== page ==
Is your WordPress site replaced by a big, white void screen? Don’t worry! You are going to find a solution for that in this article.
Firstly, don’t panic at all. The error you are facing is notoriously known as White Screen of Death (WSoD). Though the term sounds daunting, the reality is that it’s not as scary as you might think.
The reason behind the occurrence of enchanted WSoD is that there is something wrong with WordPress. Some aspects of your site will be damaged or incomplete infrequently and this is what leads the white screen to appear in the first place. This primarily occurs when there’s an issue with your site’s PHP, the computer language on which WordPress is based.
In this article, we’ll go in depth of the problem to find the reasons for the occurrence of the White Screen of Death, before learning about how to deal with it. Let’s get started!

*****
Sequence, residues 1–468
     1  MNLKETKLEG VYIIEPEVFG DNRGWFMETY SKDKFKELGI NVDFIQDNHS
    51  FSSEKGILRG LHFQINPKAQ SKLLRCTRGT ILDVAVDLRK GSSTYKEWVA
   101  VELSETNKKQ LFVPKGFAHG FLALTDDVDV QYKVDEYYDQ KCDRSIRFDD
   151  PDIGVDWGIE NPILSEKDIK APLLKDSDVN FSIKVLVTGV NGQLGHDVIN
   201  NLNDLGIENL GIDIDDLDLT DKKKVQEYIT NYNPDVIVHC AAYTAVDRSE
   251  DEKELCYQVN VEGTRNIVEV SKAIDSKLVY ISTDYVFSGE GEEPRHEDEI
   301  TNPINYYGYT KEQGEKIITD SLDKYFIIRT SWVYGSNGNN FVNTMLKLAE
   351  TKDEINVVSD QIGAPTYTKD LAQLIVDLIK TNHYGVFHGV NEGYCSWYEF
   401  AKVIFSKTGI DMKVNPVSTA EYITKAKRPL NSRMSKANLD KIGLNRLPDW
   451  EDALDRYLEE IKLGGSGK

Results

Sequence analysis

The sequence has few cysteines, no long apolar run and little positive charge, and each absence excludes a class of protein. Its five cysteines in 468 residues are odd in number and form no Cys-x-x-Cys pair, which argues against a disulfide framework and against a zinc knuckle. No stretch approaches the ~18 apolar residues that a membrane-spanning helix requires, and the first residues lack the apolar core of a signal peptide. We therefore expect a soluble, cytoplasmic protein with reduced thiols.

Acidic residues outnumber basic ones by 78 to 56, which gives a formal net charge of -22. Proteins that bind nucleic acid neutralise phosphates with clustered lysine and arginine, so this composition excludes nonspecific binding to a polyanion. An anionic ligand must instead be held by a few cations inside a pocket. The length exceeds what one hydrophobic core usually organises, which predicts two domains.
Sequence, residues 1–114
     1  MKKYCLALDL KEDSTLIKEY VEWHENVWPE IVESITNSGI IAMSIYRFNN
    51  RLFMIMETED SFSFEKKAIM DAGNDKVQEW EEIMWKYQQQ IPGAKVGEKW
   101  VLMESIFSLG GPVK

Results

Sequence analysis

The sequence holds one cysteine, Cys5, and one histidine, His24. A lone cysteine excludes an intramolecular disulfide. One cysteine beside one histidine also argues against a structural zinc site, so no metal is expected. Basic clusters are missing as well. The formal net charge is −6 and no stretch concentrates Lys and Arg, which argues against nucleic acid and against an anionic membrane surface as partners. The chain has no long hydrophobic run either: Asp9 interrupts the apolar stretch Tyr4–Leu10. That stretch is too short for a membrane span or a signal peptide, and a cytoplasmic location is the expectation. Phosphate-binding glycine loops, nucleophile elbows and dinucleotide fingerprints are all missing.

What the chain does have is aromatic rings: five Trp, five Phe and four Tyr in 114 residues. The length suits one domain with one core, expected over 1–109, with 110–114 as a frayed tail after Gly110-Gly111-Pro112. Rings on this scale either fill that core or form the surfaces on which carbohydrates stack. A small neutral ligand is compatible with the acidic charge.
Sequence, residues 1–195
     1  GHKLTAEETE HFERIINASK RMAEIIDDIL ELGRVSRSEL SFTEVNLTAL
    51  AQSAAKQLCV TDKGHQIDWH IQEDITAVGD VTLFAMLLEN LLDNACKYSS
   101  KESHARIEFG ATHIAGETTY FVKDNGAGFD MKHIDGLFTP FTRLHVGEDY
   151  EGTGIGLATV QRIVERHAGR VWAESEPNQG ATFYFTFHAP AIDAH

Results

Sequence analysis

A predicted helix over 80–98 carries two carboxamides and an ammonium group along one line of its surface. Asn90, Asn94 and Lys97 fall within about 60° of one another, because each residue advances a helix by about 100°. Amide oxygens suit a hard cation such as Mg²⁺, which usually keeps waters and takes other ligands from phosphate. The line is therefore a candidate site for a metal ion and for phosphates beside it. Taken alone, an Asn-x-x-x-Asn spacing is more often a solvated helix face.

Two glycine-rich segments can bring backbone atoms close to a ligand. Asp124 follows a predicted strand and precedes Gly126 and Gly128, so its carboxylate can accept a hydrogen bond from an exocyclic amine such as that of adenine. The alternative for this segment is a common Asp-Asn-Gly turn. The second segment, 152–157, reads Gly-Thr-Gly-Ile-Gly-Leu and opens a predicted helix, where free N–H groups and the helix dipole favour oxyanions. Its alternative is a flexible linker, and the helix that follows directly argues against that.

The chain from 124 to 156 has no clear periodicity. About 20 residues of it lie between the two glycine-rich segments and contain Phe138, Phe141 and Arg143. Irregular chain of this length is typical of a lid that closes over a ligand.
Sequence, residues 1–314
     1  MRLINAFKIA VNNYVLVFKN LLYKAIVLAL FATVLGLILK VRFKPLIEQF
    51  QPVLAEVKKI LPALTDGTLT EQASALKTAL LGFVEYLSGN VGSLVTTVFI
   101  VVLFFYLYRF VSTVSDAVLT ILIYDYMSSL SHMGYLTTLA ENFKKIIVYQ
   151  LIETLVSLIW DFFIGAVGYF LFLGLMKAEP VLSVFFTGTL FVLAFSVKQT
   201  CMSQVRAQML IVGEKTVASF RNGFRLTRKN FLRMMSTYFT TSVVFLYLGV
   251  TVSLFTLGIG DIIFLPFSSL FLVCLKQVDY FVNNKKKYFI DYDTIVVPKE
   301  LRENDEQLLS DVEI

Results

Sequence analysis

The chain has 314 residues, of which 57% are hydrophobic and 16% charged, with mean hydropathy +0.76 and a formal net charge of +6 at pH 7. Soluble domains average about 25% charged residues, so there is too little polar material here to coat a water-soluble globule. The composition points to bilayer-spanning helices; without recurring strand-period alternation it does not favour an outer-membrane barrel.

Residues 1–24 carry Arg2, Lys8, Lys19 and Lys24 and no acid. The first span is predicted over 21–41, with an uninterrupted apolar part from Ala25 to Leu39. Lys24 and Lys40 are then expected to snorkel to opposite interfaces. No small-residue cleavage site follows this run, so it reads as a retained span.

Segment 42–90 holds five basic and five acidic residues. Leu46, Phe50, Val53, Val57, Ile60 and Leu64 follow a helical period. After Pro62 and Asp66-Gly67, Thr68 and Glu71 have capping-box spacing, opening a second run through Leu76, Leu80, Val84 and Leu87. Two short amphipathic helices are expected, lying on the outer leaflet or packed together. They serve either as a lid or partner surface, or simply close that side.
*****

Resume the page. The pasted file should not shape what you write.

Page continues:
What is White Screen of Death (WSoD)?
One of the most infamous errors of WordPress is the White Screen of Death (WSoD). You might be one of the users who have encountered this error at least once as it can be caused by numerous issues. Its name, WSoD indicates that when you try to access your site, it’s replaced with a plain white screen. This can occur on both – only part of your site or the complete site plus your admin dashboard, based on the core cause.
You will find plenty of issues that lead to the appearance of WSoD. Generally, when it occurs one of the aspects of your site will be broken or incomplete in some way. Plugins and themes that contain incorrect code or cause a conflict with some other part of your site are the main causes. Another reason for white screen to appear can be lack of memory or your hosting server issues.